Wednesday, February 25, 2015

The Process Project: Meet K.C. Shaw!

Welcome to week three of the Process Project!! If you don’t know about us already, you can find out more here and read about other authors process: The Process Project.

I’m really excited to introduce to you a writer friend I met through Twitter, and she one of my oldest “twitter friends” K.C. Shaw! K.C. Shaw's fiction has appeared in numerous magazines and anthologies. Her most recent novel, Wharf Rat, is available from Etopia Press. You can also find links to her short fiction and books on her website: http://kcshaw.net

And now…on to the questions!

J: Why do you write?
KC: I write books I want to read. I enjoy writing them even though it’s a lot of work, and I like knowing that other people will eventually read and enjoy what I’ve produced. Occasionally I get discouraged and think I should just give up writing -- but I honestly don’t think I could. Before long I’d get an idea and have to start writing again.

J: What do you write?
KC: I mostly write fantasy, but I also write young adult -- both YA Fantasy and Contemporary.

J: Do you have any writing rituals?
KC: I don’t really have any writing rituals, although I like to play music while I work. For years I carried a spiral notebook around with me and when I had a few minutes -- while on hold at work, during my lunch break, even stuck in traffic -- I’d write. These days I have more free time so I don’t usually cram writing time into odd moments like that, but it taught me how to focus on writing no matter the circumstances. I like writing in cafes, too. Once I’m really focusing, all the background noise fades away and doesn’t bother me.

J: When you are preparing to write a new story, how do you organize your ideas?
KC: I’ve tried all sorts of methods for plotting and world building, from
careful outlining with index cards to the Scrivener word processing program. The best method for me is a rough general outline scribbled on a piece of paper so I can look at it without minimizing my writing document or clicking away (because when I do that, I’ll have to check Twitter and mess with my playlist and oh yeah I’ve got to send so-and-so an email…). As I write, the outline inevitably changes a lot. I try to stay flexible and let the plot/characterization evolve -- it always means a stronger story.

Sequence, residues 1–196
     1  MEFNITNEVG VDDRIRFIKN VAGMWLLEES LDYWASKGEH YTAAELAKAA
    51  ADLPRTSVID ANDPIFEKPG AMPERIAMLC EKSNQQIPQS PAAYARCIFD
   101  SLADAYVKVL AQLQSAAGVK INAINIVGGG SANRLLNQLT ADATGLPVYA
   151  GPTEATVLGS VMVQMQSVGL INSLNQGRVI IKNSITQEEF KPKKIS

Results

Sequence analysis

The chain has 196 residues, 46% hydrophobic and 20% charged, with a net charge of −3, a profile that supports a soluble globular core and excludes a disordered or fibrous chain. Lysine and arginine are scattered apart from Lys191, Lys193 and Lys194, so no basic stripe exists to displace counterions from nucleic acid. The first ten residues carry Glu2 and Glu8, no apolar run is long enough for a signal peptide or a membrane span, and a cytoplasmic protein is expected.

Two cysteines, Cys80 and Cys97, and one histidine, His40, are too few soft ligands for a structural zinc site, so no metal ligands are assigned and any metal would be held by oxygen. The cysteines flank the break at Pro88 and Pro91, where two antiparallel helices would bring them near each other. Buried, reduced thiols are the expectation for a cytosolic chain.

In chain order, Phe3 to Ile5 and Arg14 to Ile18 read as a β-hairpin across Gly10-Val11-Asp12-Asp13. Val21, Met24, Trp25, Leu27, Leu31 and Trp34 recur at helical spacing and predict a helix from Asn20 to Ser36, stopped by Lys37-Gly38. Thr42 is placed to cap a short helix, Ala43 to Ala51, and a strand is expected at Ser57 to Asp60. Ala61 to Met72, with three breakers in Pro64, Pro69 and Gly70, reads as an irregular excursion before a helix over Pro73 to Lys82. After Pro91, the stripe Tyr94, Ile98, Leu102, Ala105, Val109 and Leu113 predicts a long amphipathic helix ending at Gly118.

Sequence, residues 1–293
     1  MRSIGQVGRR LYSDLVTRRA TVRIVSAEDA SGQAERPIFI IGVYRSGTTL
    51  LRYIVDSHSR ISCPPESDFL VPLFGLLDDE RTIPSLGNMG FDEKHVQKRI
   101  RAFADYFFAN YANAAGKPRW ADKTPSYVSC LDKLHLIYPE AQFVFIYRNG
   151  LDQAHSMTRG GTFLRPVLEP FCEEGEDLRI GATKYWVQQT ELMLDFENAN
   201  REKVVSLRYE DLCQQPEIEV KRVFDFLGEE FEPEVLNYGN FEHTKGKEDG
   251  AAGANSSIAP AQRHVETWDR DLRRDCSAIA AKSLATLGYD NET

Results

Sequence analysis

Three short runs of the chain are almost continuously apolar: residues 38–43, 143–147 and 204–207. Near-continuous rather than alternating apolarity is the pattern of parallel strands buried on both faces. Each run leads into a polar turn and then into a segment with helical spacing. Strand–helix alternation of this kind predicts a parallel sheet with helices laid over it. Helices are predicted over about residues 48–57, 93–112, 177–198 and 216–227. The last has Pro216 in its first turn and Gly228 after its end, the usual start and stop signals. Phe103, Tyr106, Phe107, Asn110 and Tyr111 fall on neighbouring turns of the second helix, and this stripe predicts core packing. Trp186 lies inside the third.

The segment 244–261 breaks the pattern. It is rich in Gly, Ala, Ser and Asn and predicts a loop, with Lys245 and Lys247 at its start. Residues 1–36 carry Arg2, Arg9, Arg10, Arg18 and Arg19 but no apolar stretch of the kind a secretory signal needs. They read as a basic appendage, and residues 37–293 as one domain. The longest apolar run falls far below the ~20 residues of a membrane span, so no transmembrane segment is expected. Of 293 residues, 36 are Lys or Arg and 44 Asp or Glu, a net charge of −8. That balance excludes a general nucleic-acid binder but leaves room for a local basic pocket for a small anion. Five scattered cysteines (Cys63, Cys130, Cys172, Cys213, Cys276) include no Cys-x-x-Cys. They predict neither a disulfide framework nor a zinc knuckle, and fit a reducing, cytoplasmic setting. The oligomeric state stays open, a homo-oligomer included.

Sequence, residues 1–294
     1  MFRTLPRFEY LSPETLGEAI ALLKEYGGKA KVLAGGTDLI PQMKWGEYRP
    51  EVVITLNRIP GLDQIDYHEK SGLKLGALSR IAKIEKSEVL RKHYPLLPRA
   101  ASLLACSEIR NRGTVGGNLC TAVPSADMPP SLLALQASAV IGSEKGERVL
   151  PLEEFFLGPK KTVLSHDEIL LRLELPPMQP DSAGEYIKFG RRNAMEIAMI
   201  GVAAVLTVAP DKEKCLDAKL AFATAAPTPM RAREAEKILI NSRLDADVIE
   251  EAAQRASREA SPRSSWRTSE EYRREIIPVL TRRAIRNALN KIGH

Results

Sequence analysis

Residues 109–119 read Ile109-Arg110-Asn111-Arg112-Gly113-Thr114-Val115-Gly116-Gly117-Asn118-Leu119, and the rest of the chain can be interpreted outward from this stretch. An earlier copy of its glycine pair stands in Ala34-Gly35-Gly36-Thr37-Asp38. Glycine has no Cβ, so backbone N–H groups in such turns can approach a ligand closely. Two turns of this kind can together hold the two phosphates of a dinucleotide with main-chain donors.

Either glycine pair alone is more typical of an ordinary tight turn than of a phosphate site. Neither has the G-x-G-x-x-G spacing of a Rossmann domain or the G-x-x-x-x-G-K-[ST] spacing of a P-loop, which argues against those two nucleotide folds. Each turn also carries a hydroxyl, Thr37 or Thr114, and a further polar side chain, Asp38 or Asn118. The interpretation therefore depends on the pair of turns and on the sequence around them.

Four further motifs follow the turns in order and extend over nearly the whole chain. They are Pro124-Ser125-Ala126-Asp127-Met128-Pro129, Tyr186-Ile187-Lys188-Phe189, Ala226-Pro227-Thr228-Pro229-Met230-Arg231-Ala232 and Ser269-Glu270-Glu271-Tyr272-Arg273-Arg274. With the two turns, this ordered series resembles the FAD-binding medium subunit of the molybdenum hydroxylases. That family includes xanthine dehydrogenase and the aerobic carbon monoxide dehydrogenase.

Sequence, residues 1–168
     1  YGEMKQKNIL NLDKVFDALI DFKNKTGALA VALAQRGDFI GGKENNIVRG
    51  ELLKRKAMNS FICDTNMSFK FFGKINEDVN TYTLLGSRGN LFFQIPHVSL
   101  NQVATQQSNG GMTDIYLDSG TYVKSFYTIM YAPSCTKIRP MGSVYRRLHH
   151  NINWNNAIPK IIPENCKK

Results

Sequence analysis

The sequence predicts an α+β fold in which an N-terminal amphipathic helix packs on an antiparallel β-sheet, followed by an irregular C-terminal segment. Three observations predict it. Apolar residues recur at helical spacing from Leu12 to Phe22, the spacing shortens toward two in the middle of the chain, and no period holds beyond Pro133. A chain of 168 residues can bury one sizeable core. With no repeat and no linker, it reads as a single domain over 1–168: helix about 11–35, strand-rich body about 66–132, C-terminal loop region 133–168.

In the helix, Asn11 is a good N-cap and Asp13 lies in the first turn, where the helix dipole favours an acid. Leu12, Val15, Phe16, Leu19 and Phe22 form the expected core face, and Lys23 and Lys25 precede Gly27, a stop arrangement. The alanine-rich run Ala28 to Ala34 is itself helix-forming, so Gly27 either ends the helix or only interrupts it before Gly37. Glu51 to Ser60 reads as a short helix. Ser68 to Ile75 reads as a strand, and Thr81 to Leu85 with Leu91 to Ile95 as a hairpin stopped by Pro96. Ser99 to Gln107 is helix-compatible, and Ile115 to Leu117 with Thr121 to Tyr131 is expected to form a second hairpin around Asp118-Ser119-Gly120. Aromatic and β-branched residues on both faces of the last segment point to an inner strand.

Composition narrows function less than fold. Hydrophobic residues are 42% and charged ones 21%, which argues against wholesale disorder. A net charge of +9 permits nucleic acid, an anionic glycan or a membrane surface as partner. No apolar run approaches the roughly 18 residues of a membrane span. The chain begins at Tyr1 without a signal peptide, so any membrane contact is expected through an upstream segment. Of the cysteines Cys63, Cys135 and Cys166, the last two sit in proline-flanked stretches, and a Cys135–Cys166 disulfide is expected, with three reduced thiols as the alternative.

J: While you are working on a piece, do you have any particular way that you structure your work?
KC: I work in one file, and that file has to be clean. I don’t want typos,
extra spaces, notes that say “insert description here” -- that sort of sloppiness doesn’t make the first draft come faster, it just drives me crazy. By the time I type “the end,” the manuscript should look like it’s ready to submit. Even during major revisions I have to keep the file clean. A sloppy manuscript makes my thinking feel jumbled.

J: What do you do when you're stuck?
KC: Set the work aside for a while and read other people’s books. Sometimes a plot just needs some extra cooking time and the solution will pop up when I least expect it. If it doesn’t, at least I got some reading time in. When I come back to the story, I reread what I have from the beginning. Sometimes that will help me see where it started to go wrong.

J: When it's time to revise/edit your work, do you have any particular
methods that you use to help you through the process?
KC: I open a second file during revisions. If I cut a scene, I copy it
into the second file so I’ve still got it in case I change my mind (but I never do). If I want to move a description or part of a scene, I first move it into the second file until I know exactly where I want to put it in the main document. That gives me plenty of freedom to hack up my text while still keeping that main file totally clean. I sound so anal!

I want to thank K.C. SO MUCH for answering these questions and participating in the Process Project! I hope you enjoyed reading her answers as much as I did!


Want to read more? Check K.C. out on the web here: K.C. Shaw || Lizzy and Jo || Goodreads || Twitter

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